Syntroleum Corp v Neste Oil Singapore Pte Ltd [2014] SGHCR 18

In the recent Singapore High Court Registry decision of Syntroleum Corp v Neste Oil Singapore Pte Ltd [2014] SGHCR 18, the learned Senior Assistant Registrar Mr Yeong Zee Kin (the “SAR”) considered the issue of whether an inventor’s notes are discoverable in a patent infringement action where the validity of the patent alleged to be infringed is challenged. The SAR also considered whether discovery of certain experimentation results should be granted.


The defendant, Neste Oil Singapore Pte Ltd, filed two applications for discovery, one each in two related suits. Both applications sought discovery of identical categories of documents. This article focuses on one critical category in the applications, namely, the inventor’s notes in relation to the patent cited in each respective suit.

The parties’ arguments

In support of its applications, the defendant argued that the inventor’s notes were relevant as evidence of what the state of the art was at the time of the invention and whether the steps taken by the inventor were obvious to the ordinary man skilled in the art.

The plaintiff argued that with the adoption of the objective standards in Windsurfing International Inc v Tabur Marine (Great Britain) Ltd [1985] RPC 59 (“Windsurfing”), the subjective knowledge and intentions of the inventors are no longer relevant and should therefore be excluded. The plaintiff also raised objections based on Order 87A rule 5(2)(b) of the Rules of Court, which limits disclosure relating to any ground on which the validity of a patent is put in issue to a period of four years on either side of the earliest claimed priority date. In response to the plaintiff’s solicitor’s arguments on this issue, the defendant sought to amend its prayers in relation to the inventor’s notes to comply with the procedural limits.

The plaintiff further objected to the disclosure of the inventor’s notes on the ground that these were private documents that did not form part of the publicly available state of the art and were accordingly irrelevant in establishing what the state of the art was at the time of the invention (as per the prevailingWindsurfing test) .

Discoverability of inventor’s notes

The SAR held that, in principle, an inventor’s notes are discoverable, citing Halcon International Inc v The Shell Transport and Trading Co & Ors (Discovery No 2) [1979] RPC 459, SKM SA & Anor v Wagner Spraytech (UK) Ltd & Ors [1982] RPC 497, Molnlycke AB v Proctor & Gamble Ltd (No 3) [1990] RPC 498 (“Molnlycke”) and Nichia Corp v Argos Ltd [2007] FSR 38 (“Nichia”).

However, the SAR cautioned against indiscriminate disclosure and expressed that an inventor’s notes are secondary evidence to the issue of obviousness which ought to be put through a fine sieve in order to avoid unnecessary disclosure. The SAR agreed with the views expressed in Molnlycke and Nichiathat secondary evidence should be kept firmly in its place and that discovery of secondary evidence should be properly managed in order to adhere to the principle of proportionality and to manage litigation costs.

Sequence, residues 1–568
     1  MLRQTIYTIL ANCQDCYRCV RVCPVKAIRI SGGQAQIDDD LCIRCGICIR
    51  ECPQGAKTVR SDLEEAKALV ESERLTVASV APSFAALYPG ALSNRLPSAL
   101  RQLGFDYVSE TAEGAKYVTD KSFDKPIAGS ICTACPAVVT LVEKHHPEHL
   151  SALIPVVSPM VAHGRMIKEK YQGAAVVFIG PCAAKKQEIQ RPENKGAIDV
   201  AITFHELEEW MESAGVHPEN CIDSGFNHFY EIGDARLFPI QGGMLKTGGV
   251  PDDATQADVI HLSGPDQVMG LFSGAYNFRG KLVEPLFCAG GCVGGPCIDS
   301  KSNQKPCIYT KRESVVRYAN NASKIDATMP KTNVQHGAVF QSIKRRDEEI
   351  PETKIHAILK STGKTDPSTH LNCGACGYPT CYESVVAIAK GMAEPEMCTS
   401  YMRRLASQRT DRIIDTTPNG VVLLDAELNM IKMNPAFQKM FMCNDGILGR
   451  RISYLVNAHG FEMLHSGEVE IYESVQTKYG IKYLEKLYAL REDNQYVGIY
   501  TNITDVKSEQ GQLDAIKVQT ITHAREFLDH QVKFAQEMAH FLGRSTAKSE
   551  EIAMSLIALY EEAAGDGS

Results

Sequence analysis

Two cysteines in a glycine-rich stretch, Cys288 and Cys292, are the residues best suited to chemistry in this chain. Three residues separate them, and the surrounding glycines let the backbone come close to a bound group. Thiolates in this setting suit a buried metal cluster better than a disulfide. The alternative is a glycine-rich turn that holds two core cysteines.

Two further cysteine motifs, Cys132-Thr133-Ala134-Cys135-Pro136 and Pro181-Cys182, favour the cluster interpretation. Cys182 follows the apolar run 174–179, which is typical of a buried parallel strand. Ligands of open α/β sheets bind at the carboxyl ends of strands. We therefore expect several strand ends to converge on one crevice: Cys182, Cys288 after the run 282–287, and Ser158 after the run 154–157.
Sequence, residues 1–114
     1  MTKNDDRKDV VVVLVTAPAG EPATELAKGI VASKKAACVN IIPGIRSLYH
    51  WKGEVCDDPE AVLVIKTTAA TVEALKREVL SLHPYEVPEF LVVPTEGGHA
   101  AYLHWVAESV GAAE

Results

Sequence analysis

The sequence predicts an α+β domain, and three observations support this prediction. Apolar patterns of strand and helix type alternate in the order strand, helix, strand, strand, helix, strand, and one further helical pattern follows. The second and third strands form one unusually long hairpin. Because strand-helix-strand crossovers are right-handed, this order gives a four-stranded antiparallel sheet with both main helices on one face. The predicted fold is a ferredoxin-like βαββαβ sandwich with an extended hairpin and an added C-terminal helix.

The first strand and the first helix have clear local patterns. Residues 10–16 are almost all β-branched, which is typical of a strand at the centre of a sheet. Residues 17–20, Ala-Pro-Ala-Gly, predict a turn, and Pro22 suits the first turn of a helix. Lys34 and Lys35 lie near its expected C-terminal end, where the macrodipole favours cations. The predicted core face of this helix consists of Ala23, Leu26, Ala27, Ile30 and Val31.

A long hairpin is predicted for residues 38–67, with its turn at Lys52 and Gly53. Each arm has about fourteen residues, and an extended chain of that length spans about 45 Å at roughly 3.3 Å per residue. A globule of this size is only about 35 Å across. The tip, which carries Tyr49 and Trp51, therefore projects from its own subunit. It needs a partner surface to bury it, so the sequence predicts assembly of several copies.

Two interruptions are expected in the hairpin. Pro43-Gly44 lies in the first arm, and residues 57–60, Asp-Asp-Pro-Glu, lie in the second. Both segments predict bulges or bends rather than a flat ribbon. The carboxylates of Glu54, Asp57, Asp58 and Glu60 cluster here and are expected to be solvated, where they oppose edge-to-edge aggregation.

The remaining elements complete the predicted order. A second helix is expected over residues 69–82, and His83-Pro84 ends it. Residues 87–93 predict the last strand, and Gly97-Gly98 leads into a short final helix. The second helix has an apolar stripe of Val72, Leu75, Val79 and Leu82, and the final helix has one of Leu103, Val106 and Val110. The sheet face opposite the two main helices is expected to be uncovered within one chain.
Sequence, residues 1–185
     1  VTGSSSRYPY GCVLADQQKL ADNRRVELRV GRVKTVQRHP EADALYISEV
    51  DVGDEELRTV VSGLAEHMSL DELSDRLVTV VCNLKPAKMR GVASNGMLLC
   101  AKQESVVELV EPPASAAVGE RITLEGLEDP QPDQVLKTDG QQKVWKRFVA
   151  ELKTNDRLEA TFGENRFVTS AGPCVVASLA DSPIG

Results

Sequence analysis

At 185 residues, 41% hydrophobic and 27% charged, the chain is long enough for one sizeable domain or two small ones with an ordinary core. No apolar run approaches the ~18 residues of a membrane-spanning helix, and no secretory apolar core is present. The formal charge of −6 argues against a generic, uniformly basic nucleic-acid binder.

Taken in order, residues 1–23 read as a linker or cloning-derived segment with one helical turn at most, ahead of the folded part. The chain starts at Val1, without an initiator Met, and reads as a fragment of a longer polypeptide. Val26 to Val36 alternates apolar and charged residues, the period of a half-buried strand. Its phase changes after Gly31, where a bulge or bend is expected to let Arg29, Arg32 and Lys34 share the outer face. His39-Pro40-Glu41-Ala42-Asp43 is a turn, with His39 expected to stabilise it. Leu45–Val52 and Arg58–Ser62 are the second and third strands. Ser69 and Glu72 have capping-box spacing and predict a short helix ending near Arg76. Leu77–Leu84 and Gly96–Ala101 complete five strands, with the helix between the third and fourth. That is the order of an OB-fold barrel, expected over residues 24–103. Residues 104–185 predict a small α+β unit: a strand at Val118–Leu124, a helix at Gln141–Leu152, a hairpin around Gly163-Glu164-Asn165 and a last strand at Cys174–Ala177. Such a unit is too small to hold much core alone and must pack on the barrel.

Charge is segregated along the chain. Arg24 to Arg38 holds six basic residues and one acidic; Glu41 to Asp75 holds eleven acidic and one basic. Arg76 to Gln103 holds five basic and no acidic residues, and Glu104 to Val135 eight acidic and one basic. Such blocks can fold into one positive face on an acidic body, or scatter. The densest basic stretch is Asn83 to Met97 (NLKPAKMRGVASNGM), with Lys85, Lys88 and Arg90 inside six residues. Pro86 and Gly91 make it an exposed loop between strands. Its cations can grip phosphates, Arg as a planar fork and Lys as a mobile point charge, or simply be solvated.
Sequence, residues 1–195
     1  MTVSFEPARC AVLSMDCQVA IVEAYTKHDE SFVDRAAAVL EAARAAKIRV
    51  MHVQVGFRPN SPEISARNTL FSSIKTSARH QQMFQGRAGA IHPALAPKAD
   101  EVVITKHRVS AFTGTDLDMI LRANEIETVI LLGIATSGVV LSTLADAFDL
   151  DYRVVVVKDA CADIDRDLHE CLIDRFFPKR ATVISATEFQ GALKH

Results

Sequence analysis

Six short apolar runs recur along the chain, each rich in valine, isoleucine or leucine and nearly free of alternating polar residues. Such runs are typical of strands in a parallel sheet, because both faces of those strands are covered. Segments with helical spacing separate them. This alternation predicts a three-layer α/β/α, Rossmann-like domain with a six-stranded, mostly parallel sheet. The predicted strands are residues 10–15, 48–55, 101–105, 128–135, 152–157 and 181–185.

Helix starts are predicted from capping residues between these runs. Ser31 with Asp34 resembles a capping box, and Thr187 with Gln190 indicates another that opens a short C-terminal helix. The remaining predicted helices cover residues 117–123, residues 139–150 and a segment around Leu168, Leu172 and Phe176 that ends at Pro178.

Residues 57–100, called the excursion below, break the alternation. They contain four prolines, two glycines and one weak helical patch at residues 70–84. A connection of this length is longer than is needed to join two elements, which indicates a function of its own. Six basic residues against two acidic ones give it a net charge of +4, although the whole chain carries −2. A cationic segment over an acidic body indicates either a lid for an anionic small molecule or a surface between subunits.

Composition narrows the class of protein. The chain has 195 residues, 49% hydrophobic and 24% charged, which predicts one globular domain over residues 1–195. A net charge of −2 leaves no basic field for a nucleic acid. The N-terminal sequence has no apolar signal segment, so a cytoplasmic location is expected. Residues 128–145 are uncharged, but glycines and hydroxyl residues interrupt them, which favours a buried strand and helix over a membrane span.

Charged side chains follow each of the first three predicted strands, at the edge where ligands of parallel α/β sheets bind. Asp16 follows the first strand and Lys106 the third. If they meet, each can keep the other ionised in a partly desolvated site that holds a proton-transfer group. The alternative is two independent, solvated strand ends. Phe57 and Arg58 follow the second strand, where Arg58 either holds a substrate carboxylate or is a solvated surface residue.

The SAR further expressed that an inventor’s notes should not be discoverable during general discovery unless the issues for which they are required have been especially particularised. As obviousness is an objective analysis, the primary evidence relied upon should be documents that are publicly available and the issues faced by researchers in the field should similarly be evidenced through publicly available documents. Recourse should not be made to a private inventor’s notes unless it is necessary to do so. In the SAR’s view, the touchstone must be that an inventor’s notes only become discoverable when the issues on obviousness are sufficiently particularised such that it becomes evident that the inventor’s notes - or part of them - are relevant and material to identify issues in dispute and their disclosure will therefore be necessary for the fair disposal of the case or for the saving of costs.

The SAR took the view that, on the facts, the issues for which the inventor’s notes were sought had not been sufficiently particularised by the defendant and the applications were therefore premature. He accordingly dismissed the defendant’s applications in respect of the inventor’s notes without prejudice to the defendant’s rights to apply for discovery of the same at a subsequent stage of the proceedings.

Impact of this decision

While this is a first instance decision before the High Court Registry, this is the first time the Singapore courts have seriously considered the disclosure of an inventor’s notes. The courts have not precluded themselves from ordering the disclosure of inventor’s notes and all organisations should be aware that notes created by its employees during the course of employment in relation to an organisation’s inventions are potentially discoverable, even after a patent has been granted for the invention. Such notes (which can extend to e-mail discussions between co-inventors within and outside an organisation) can adversely diminish arguments that an invention is not obvious over the state of the art, even though these notes were not and have never been publicly available.

Whilst the Windsurfing test refers to an objective standard when answering the question whether an invention is not obvious and therefore patentable, the courts remain open to considering the subjective views of an inventor whilst maintaining that such views remain secondary evidence. It is conceivable that in an appropriate situation, the courts may find it material and place reliance on an inventor’s personal critique of an inventor’s own invention/patent application/granted patent.